JERUSALEM (AP) — A senior Palestinian official urged President Barack Obama on Thursday to help restart Israeli-Palestinian talks, despite a White House statement that the U.S. leader will not pursue any new peace initiatives on his upcoming trip to the region.
Jibril Rajoub, a former Palestinian security chief and prominent West Bank official, told Israel's Army Radio that Washington is the only one that can "build a bridge of trust" between the two sides.
"If there is anyone who can press the Israelis to change their attitude, it's the American president," said Rajoub, in a rare interview in Hebrew to the Army radio station. "I see his visit as important. We all need it. I hope something will come of it."
Peace talks between the two sides collapsed in 2008. Palestinians refuse to negotiate until Israel stops building settlements in the West Bank and east Jerusalem, areas they want for a future state. Israel has refused to halt settlement construction, saying there should be no preconditions for talks.
Obama sought to restart peace negotiations in 2011, but the effort collapsed within weeks.
Previous visits to the region by U.S. presidents have raised high expectations for U.S.-brokered peace deals. The White House tried to lower those expectations Wednesday, emphasizing that the president's focus will be to turn a new leaf with his Israeli counterpart, with whom he had frosty relations during his first administration.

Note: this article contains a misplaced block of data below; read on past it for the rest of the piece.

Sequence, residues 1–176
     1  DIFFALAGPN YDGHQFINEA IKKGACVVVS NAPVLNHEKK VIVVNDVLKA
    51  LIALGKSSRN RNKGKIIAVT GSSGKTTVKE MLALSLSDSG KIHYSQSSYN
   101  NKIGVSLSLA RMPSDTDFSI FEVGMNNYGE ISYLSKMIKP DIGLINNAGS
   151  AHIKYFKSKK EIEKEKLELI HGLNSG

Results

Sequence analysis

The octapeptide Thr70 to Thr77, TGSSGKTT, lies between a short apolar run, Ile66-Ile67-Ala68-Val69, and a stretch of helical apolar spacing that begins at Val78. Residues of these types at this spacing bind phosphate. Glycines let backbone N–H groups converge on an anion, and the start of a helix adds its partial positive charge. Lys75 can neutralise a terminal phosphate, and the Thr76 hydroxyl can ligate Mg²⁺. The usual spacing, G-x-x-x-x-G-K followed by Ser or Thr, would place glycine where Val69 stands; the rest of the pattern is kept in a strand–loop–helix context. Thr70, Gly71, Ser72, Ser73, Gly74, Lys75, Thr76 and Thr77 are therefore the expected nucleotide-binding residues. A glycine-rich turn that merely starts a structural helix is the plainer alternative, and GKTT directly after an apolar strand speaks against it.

U.S. officials said Obama will meet with Prime Minister Benjamin Netanyahu and Palestinian leaders and will stress the importance of getting the parties back to the negotiating table, but the Obama administration does not see the immediate revival of the peace process as a realistic prospect.
"That is not the purpose of this visit," White House spokesman Jay Carney said Wednesday. The White House has not announced a date, but Israeli media report Obama will arrive March 20 for a three-day visit.
Rajoub, the Palestinian official, sought to capitalize on the opportunity of Obama's planned visit, saying the window of opportunity for brokering a peace deal may be closing.
He said that all Palestinian factions, including the Islamist militant Hamas which is at odds with the Fatah-led Palestinian government in the West Bank, are ready to support a two-state solution that would see Israel withdrawing from territories it captured in the 1967 Mideast war and the creation of an independent Palestinian state alongside Israel.
"Israelis have a right to live in security in peace within the 1967 borders," Rajoub said. "We are ready tomorrow to go to negotiations on the basis of two states for two peoples."
Outgoing Israeli deputy foreign minister Danny Ayalon said there may be more hope for bringing the sides to the negotiating table following Israel's recent election, in which Netanyahu won another term.
Netanyahu is building a new coalition now, and he has signaled that he seeks to include centrist parties in his government — parties which have vowed to partner with Netanyahu only if he is committed to restarting Israeli-Palestinian talks.
"The next government may have more wiggle room because of the coalition," Ayalon said.
Newly sworn in Secretary of State John Kerry is expected to visit Israel, the Palestinian territories and other countries in the region this month to prepare for Obama's trip. Kerry also spoke with Netanyahu and Abbas over the weekend to reaffirm the U.S. commitment to the peace process.